This is Matt Croydon and you are listening to The Tinycast.
These days we humans think we have skyscraper transportation all figured out. If you walk in to the lobby of a building and want to go to the 23rd floor, you know exactly what to do. You find the elevator, push the button, the doors open, you get in the car and are whisked away vertically to your destination. Need to get from one floor to another in a department store? Maybe you’ll use an escalator instead.
But there was a time before modern elevators and escalators were the de facto standards in vertical transportation. There is another kind of elevator that works completely differently than the ones you are used to. It’s a relic of that time before we figured out how to best move humans up and down inside buildings. If it were an animal it would be on the endangered species list. It’s called the paternoster.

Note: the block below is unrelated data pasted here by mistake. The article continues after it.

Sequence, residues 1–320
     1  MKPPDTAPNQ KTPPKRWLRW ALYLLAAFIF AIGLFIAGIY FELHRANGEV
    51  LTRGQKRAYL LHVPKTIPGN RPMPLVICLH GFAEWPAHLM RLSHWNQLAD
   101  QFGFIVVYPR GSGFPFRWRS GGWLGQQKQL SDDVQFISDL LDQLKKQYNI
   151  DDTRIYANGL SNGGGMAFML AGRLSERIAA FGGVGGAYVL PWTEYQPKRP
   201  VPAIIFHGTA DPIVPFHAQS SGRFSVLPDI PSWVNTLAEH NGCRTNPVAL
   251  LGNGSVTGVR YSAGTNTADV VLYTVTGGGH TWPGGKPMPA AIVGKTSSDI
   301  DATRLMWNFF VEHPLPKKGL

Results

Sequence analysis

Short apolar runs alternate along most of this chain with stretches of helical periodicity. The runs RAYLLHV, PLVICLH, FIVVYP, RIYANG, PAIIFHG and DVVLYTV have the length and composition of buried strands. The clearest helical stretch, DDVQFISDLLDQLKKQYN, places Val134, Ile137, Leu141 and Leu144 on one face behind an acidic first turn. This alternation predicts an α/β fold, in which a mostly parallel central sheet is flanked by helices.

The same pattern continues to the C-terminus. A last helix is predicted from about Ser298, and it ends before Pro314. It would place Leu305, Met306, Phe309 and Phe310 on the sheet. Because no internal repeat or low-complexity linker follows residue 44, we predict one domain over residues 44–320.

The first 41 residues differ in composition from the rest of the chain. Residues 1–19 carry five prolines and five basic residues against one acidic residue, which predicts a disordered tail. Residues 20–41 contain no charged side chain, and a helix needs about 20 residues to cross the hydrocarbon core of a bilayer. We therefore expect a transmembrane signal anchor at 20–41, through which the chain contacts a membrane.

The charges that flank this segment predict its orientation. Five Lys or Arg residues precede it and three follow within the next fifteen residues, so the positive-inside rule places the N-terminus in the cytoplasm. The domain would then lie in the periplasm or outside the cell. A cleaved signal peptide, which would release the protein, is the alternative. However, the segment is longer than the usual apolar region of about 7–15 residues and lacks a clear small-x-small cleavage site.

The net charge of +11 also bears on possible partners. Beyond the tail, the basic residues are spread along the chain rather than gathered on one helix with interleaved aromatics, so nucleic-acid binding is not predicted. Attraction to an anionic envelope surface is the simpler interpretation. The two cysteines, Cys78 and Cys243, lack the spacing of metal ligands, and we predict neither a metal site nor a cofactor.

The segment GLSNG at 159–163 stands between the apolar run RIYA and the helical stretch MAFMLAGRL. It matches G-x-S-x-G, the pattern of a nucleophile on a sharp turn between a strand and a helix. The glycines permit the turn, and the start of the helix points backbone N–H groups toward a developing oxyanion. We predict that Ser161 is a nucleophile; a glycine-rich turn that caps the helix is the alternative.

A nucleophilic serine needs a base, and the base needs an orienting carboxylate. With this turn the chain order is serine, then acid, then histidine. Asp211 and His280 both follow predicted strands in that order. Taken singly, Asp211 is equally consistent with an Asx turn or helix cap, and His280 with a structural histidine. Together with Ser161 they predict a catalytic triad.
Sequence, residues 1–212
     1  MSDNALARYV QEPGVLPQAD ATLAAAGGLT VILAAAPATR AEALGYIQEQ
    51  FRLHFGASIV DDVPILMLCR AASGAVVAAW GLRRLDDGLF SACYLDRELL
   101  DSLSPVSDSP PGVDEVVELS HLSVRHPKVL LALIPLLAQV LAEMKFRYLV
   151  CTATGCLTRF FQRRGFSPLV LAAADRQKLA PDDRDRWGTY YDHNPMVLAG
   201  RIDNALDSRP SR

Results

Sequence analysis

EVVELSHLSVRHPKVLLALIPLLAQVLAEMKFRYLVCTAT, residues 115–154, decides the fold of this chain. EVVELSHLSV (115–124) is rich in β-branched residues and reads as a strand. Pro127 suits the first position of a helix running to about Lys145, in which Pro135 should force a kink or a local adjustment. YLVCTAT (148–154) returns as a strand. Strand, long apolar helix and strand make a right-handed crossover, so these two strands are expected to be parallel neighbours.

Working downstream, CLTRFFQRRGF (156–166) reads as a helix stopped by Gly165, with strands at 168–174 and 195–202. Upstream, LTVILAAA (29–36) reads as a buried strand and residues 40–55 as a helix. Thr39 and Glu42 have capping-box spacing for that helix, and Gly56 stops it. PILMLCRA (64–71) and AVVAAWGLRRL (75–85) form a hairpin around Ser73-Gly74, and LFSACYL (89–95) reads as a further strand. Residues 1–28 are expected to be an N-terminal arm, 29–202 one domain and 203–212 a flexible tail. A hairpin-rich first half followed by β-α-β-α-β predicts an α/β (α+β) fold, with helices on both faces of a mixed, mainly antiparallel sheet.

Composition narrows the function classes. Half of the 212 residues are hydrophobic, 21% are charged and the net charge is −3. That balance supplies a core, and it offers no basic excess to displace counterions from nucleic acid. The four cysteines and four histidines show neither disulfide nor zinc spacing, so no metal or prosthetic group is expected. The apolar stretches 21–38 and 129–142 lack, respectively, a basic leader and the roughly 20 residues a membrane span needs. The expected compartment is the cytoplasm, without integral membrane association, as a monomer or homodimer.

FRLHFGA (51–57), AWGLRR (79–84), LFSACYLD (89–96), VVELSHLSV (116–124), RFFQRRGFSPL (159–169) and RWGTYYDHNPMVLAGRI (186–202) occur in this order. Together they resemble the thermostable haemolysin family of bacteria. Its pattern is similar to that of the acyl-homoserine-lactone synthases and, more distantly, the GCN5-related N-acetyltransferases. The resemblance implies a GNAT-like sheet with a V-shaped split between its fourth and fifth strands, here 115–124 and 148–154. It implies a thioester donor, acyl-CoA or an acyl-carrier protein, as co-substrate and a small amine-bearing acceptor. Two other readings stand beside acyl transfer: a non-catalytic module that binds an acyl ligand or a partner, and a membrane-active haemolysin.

Instead of a single car moving up and down a shaft, a paternoster, sometimes called a cyclic elevator, is a series of open-front boxes in constant motion. These boxes are connected to two belts and two giant wheels at the top and two at the bottom of the shaft. If you were to walk up to a paternoster you would see cars constantly going up on one side and down on the other.
Rather than wait for the elevator doors to open, you just pick a direction, find an empty car, and hop on. When you get to the floor you want to go to, you hop off.
To understand why the paternoster is in trouble, you have to understand its way more popular older brother, the elevator. The era of the modern elevator probably began at the Worlds Fair at the Crystal Palace in New York City. Here in 1853 Elisha Otis dramatically demonstrated his new elevator safety brake. He stood on a platform high above the crowd. His son cut the rope holding the platform aloft. His device brought the platform to a swift stop.